The One-Off Molzon Concept Corsa GT38
The Molzon Concept Corsa GT38 is a one-off sports car developed by William “Bill” Molzon – a visionary GM designer who worked closely with under Larry Shinoda on some of most successful models in the history of Chevrolet.
Molzon went to work at General Motors immediately after graduating with a B.S. degree in Industrial Design from the Art Center College of Design in Los Angeles. Although his day job consumed the overwhelming majority of his time, he still had a desire to create a car that was 100% his own design – with no input from upper management or restrictions from the bean-counters.
He started the project in 1963 with a blank slate and an ambitious plan. He decided to see if he could design and build a car with better acceleration than the fastest Corvette, the fuel economy of a Corvair, and the refined handling capabilities of a Lotus.
It was clear from the outset that he was going to need a car with a rigid, lightweight space frame chassis and independent suspension on all corners, coupled to a lightweight, bespoke fiberglass body.
The initial design for the car had more of an angular wedge shape which would have pre-dated similar designs from the minds of Gandini and Guigiaro, however Molzon developed the design into its current far more curvaceous shape as it offered significantly better aerodynamics.
The Chassis and Suspension
The chassis was designed and welded together on a jig, it uses mostly 1 inch steel tubing with a 90 inch wheelbase, a 136 inch overall length, and a semi-monocoque front sub-structure. The initial design for the chassis was actually developed while Molzon was still in college, and he even structurally tested a scale model of the frame in the school lab.
Front suspension is made up of unequal length wishbones, with the lower arms consisting of a transverse strut and a leading arm with anti-dive geometry. Rear suspension is upper link with a reversed lower A-arm, twin trailing arms, and anti-squat geometry.
The Corvair Engine and Porsche Transaxle
Molzon chose the Chevrolet Corvair engine for his one-off car, he was drawn to it because of its lightweight aluminium construction and air-cooling – doing away with the need for coolant, a water jacket, and a radiator. A flat-6 Corvair motor was ordered from Corvair racer Don Eichstaedt, who built the engine to be reliably capable of 200 bhp, once Molzon received it was installed in a rear-mid location directly behind the cockpit for optimal weight distribution.
Once of the biggest single issues with the build was sourcing a suitable transaxle for the Corvair engine. Eventually it was realized that a new Porsche model called the 901 (which would become the 911) had a similar flat-6 engine, and so a transaxle was ordered from Germany, then modified to fit the Corvair engine.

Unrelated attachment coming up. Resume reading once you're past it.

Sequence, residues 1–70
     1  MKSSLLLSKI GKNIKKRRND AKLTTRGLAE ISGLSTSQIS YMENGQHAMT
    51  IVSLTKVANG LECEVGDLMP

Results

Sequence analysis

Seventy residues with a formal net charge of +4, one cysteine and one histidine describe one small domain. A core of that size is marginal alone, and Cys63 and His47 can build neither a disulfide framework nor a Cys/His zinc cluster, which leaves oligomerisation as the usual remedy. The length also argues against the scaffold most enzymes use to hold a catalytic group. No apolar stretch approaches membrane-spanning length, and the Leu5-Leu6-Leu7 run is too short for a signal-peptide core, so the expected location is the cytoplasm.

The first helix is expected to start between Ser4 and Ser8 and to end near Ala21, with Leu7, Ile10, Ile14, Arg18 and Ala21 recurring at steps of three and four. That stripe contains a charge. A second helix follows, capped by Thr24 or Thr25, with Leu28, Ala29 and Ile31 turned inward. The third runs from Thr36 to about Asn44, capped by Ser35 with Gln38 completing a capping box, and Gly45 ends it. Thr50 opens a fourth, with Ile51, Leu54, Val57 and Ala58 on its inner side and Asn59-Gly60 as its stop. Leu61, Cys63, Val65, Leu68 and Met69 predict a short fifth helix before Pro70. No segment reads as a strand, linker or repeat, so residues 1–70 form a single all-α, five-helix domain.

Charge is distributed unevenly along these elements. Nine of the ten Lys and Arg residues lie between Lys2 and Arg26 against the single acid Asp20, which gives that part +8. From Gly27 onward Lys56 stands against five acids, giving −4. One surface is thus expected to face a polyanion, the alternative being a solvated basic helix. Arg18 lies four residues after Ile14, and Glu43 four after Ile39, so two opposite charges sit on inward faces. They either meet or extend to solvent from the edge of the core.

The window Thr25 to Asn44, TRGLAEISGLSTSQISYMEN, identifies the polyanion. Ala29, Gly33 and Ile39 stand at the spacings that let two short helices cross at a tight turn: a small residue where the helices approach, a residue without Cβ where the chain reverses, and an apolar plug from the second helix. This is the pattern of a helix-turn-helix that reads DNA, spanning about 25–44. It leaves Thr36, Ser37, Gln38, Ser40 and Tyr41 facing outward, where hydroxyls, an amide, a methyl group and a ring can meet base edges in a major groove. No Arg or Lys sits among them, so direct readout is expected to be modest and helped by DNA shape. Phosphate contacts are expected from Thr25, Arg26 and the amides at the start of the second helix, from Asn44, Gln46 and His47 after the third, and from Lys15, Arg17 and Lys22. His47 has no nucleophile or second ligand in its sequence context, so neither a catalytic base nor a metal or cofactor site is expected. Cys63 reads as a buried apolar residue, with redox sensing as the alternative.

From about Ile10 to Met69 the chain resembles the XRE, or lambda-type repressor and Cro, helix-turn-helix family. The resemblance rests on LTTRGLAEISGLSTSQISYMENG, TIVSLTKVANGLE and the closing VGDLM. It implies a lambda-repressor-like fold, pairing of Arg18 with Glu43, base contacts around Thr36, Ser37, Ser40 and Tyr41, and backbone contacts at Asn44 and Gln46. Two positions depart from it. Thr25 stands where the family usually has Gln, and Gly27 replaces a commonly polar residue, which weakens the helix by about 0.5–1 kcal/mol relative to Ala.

When it came time to create the body, Molzon cut down a series of Styrofoam blocks to match sections of his full-scale surface development drawing, glued them together. Each piece then underwent final trimming and surfacing, before it was sealed. Once it was ready the fiberglass was laid, with the final form being ready in the summer of 1967.
The Completed Car
Once the final fit and finish was done and the electrics and interior were installed, the car was ready for primetime. A 1970 Road & Track Magazine article about the car sang its praises:
“To say that the now complete car is quick and agile is an understatement – even the usually cool Molzon confesses to being a little un-nerved by the alacrity of its acceleration and directional responsiveness beyond expectation.”
The fact that the car is quick should come as no surprise, it weighs in at 1,100 lbs and has 200 bhp, giving it a power-to-weight ratio that will comfortably embarrass many far more modern sports cars.
Molzon kept the car in pride of place in his personal collection for 50 years, it only covered 950 miles – a few of those in autocross competition. In early 2017 at the age of 78 he decided to offer his prize one-off automobile design for public sale for the first time, accompanied by an original copy of the 1970 Road & Track Magazine featuring the car, hundreds of invoices for the parts used to create the car, and a hard cover brochure detailing each process of the build.
If you’d like to read more about the car or register to bid, you can click here to visit the listing on Bonhams.
Images courtesy of Bonhams